In Texas, stats show that many convicted felons have seen the insides of state prisons and jails based solely on the possession or usage of marijuana. With state budget cuts looming once again this session, is it cost effective to use prison and jail cells for marijuana users ? That's anywhere from 50-100 bucks per day, per offender, in every prison or jail. That doesn't include the costs to prosecute such crimes in court at tax payer expense. After being involved in both the law enforcement side, and corrections side of the coin for nearly 30 years, i think it may be time for the discussion to take place at the capitol either way. I have presented both sides of the issue for our readers to consider. Whats your thoughts ?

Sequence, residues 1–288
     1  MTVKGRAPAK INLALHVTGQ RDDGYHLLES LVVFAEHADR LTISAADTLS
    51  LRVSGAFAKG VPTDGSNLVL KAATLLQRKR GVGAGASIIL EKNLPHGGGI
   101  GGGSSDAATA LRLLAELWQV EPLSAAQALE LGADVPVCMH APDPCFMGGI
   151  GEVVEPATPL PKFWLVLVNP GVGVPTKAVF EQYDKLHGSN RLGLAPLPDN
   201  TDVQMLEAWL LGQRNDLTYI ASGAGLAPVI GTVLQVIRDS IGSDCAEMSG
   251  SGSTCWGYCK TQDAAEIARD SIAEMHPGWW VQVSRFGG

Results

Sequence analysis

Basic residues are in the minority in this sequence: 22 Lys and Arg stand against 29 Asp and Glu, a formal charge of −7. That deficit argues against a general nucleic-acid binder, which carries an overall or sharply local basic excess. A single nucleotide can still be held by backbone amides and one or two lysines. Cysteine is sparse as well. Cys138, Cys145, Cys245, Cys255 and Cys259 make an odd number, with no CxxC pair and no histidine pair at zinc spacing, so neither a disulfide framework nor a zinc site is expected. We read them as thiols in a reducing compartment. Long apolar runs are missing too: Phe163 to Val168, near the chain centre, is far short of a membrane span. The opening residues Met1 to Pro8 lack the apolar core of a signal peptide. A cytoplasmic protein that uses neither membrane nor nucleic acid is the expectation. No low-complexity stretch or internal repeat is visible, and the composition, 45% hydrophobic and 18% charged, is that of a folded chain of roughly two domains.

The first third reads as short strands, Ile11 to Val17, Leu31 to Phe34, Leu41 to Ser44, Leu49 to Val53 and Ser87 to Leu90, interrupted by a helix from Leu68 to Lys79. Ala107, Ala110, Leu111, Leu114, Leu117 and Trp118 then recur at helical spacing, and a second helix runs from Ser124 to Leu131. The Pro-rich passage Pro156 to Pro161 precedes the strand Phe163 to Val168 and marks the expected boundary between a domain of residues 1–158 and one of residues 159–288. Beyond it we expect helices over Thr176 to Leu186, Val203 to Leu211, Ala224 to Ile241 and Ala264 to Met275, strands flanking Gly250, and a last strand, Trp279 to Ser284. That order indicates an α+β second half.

Is prison love on the rise ?

By Tonya Peters, Backgate Website

In the next few weeks we will be examining how TDCJ employees have managed to get their honey where they get their money. And it's not fellow employees they are getting. The numbers statewide seem to be growing, and it's still an issue that co-workers tend not to report when witnessed. Is prison culture keeping staff mum ? Coming soon.